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The XLAB course was founded in 2018, and has been providing quality virtual reality content for viewers to use. Located in St. Thomas Aquinas College, XLAB holds a select amount of students with different majors to join this course. These students work on all different types of project in many departments to create the perfect experience for the audience

XLAB is an experiential project-based course that relies on agile development methodologies to enable learning and the application of knowledge. Students from a variety of programs apply their specific areas of interest, knowledge and experience to the creation of a significant virtual reality industry-strength product. The mission of XLAB is to create an inclusive small-group learning environment. 

Based on Agile/Scrum methodology, the course structure is designed to optimize flexibility, creativity, and productivity. Students create self-organizing teams that choose how best to accomplish their work, rather than being directed by faculty. The overall product reflects the effort, contribution and quality of everyone’s combined efforts. 

In XLAB, faculty members serve as subject area experts who will provide materials and support to students to facilitate just-in-time learning that is applicable to the task(s) at hand during each sprint within the project. Students select the theme of the project and its application and work throughout the semester to complete a prototype. Examples include a VR simulation of the effects of extreme weather conditions, specifically the effect of storm surges on the Philadelphia metro area, and a VR time-travel narrative allowing the player to enter events in and around World War II.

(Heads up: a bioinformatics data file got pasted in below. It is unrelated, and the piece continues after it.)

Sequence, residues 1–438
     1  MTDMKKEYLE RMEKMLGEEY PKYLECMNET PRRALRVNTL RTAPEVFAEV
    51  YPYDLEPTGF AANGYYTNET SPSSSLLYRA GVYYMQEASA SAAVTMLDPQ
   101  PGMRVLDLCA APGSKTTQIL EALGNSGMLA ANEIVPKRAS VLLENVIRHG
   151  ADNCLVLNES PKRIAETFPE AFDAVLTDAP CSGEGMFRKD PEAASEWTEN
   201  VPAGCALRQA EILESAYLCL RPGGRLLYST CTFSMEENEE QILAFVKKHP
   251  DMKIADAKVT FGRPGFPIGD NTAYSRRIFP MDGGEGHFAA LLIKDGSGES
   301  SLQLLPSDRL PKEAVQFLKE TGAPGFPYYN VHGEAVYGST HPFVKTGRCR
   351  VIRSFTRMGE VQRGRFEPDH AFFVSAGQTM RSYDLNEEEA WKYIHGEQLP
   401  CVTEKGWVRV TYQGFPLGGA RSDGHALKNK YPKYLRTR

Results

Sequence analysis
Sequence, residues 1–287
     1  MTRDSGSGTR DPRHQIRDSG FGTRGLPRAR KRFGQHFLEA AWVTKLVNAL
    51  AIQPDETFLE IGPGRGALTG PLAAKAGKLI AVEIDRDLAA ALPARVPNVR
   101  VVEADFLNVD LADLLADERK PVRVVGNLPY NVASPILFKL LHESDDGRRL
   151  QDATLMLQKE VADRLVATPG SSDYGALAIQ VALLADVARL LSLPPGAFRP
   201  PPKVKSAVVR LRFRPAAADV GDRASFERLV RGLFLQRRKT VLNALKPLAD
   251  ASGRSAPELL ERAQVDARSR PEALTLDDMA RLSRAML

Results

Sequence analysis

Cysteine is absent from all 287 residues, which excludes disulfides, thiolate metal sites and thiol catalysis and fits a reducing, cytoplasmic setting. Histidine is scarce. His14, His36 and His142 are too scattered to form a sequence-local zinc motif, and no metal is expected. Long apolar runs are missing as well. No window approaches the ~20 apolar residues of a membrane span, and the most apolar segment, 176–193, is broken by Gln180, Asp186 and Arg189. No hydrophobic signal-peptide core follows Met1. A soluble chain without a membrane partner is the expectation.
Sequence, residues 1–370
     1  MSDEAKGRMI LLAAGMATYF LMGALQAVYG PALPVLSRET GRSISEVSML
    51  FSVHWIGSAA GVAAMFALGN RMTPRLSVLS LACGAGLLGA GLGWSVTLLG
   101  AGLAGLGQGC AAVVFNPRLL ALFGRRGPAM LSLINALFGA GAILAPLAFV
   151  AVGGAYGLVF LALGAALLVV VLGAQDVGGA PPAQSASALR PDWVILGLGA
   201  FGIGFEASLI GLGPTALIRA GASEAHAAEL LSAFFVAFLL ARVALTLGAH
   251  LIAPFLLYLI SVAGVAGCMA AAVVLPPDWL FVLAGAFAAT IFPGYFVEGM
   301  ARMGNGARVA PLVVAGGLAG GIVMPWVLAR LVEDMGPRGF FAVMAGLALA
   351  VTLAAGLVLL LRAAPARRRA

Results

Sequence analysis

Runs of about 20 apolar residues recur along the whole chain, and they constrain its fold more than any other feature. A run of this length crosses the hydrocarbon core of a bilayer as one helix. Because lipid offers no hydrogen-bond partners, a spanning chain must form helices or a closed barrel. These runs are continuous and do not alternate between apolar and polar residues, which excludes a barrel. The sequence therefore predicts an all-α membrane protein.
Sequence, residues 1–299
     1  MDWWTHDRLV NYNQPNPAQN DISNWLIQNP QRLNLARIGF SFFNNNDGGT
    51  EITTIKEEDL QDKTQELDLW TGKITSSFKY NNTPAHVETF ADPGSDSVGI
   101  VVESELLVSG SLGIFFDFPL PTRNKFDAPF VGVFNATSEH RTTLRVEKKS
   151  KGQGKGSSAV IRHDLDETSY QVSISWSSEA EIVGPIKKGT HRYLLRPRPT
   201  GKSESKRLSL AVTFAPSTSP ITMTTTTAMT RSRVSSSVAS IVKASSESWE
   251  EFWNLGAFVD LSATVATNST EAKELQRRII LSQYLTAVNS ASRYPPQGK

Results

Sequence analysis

XLAB 2022 explores using technology to model experiences of discrimination and external bias. Participants walk around a virtual mall and encounter different forms of discrimination depending on which storefront they enter. Only after the scenario is completed are the physical  characteristics of the participants revealed, allowing them to experience what it’s like to jump into someone else’s body. Students used motion capture technology to make the characters as realistic as possible, designed the environment,  and wrote and recorded the scenarios. This collaboration brought together students and faculty in computer science, psychology, english, and theater.